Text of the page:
The advantage to the C-media board is you can easily clone the circuit.
    That would be harder to do with Creative. C-Media sells chips while
    Creative sells complete systems.

    I've been burnt by Creative. They used to make video cards. I gave a
    friend an old card, but it took me a while to find the driver because
    freakin' Creative pulled the drivers from their website. They have a
    habit of not supporting old gear. They must have been suing people who
    hosted the old driver since it was not to be found on the internet
    anywhere. Fortunately I found the CD.

    Anyway, at this point, Asus is making the best soundcards, but only a
    few dB better that Creative. But for what I consider basic
    instrumentation, the cheap C-media cards can't be beat, simply due to
    the linux support. Alsa has C-media down.
     
  7. Joerg

    Joerg Guest

    Longer term we won't need it, we'll design our own system. This is to
    get us over the first hurdles on the cheap, without shelling out a lot
    for NRE.

    Linux support isn't important to me. This will all be Windows-based
    since the underlying SW is. The main concern I have is noise, more so
    than the dynamic range.
     
  8. whit3rd

    whit3rd Guest

    Trying to buy quality, with unseen goods, is a perilous enterprise. Spec sheets
    for consumer items are ...unhelpful. Buy samples and test and/or dissect, works
    better.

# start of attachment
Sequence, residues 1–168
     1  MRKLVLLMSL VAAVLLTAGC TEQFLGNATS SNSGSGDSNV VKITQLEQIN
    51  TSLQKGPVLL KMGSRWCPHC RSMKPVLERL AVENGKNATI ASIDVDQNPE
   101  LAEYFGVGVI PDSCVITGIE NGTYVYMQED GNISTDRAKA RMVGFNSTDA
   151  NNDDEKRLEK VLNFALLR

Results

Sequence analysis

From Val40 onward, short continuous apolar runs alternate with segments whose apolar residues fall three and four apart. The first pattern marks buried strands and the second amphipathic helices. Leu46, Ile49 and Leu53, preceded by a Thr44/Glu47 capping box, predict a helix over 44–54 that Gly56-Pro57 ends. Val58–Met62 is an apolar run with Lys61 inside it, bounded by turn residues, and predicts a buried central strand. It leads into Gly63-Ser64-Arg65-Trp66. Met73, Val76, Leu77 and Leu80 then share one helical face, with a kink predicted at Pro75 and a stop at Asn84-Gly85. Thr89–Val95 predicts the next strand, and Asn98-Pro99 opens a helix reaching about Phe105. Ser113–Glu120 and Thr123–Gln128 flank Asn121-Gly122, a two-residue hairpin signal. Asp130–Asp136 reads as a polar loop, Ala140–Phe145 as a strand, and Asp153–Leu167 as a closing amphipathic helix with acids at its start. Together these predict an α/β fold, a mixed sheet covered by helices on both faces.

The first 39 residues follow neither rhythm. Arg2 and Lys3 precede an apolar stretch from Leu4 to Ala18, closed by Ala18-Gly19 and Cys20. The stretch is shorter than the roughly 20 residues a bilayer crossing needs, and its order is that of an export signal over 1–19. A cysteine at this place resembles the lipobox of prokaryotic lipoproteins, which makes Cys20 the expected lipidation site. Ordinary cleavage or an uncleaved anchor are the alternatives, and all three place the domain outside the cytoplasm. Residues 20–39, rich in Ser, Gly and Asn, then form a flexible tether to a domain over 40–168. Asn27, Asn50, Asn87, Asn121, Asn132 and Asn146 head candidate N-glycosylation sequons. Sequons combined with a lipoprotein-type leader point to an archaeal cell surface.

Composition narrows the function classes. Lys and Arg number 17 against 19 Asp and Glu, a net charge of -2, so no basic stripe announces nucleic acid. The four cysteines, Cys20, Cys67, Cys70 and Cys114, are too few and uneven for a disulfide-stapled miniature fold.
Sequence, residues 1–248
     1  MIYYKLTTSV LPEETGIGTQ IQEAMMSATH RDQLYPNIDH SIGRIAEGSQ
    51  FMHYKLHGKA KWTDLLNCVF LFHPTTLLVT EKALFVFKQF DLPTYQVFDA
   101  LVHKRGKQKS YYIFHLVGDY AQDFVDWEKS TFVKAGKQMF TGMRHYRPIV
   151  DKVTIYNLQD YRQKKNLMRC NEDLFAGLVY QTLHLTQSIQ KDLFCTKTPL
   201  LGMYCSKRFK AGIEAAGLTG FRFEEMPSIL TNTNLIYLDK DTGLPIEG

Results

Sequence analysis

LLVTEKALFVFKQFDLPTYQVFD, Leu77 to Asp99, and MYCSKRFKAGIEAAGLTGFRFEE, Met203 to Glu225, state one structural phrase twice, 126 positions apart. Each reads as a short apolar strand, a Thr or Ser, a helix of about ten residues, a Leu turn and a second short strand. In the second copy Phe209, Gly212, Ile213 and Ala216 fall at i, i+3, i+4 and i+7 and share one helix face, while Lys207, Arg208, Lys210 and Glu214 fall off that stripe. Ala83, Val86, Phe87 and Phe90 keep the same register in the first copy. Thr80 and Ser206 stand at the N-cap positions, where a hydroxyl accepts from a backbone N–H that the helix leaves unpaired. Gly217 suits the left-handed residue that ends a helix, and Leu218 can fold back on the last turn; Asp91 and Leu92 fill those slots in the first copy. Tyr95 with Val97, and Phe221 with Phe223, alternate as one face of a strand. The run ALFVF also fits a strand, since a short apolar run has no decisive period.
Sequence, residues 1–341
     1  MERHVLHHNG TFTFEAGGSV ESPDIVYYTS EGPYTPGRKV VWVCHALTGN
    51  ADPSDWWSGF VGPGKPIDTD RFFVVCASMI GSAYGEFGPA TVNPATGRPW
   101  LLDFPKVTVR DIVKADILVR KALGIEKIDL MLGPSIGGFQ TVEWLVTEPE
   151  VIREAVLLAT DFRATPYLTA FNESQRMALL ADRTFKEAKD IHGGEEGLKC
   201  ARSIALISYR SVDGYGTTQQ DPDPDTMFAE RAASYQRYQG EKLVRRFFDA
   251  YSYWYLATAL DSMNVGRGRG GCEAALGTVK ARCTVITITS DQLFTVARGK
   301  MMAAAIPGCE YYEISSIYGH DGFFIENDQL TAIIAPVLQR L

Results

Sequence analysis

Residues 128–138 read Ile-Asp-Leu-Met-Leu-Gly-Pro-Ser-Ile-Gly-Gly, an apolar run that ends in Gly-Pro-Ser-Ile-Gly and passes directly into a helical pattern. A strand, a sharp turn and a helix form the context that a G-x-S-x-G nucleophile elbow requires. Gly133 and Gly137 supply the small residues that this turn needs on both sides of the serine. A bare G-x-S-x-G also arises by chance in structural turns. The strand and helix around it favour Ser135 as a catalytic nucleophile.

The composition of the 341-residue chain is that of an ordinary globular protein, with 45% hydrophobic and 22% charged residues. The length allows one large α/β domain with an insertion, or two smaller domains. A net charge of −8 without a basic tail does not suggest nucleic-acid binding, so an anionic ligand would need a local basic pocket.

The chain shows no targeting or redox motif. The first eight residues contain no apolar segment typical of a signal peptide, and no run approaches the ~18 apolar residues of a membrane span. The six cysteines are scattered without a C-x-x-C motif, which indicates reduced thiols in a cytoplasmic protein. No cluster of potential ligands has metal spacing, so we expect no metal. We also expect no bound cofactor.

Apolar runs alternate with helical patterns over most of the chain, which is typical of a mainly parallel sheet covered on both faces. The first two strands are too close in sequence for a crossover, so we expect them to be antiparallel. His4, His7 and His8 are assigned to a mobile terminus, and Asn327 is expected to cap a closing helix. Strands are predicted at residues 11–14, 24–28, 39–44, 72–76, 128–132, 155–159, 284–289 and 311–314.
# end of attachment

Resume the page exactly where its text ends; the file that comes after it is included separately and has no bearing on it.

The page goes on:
I'd recommend you try an iMic (product of Griffin Technology);
    it has a good long history, 16-bit input/output audio digitization,
    uses 24-bit converters, has a line/mic selector switch...
    and it's small and inexpensive.
    As for detailed specifications:
    <http://www.griffintechnology.com/su...xact-technical-specifications-imic-mac-and-pc>

    (hey, I told you not to expect much information!).
     
  9. Joerg

    Joerg Guest


    Quote "So our engineers made the decision to keep the iMic within
    certain basic parameters and not release a detailed spec sheet".

    Hmm, yeah, well ... :)

    It's probably quite good but I've already ordered the Sound Blaster THX
    HD that Vladimir recommended. It arrived yesterday but I couldn't fire
    it up because another emergency came up. As they usually do on Fridays.
    The weekend is shot as well because SWMBO said it is time to paint the
    house. So we'll start power-washing shortly and there's buckets of
    Sherwin-Williams Duration waiting be transferred from bucket to wall.
    Fred Bloggs from our midst had recommended that brand, plus they had a
    40% off sale.
     
  10. Joerg

    Joerg Guest

    Hey, Vladimir, do you know if the MIC input is monaural? Has 5.1V
    phantom supply on both pins but I get only one of the channels to work.
    For Line both work.

    The manual is in some CFM format, as in unreadable. Pretty stupid
    decision on their part not to ship PDF. I've asked for one but not sure
    if they'll respond. Their web site looks as if customer contact is not
    very desired. Had to email their inverstor relations guy.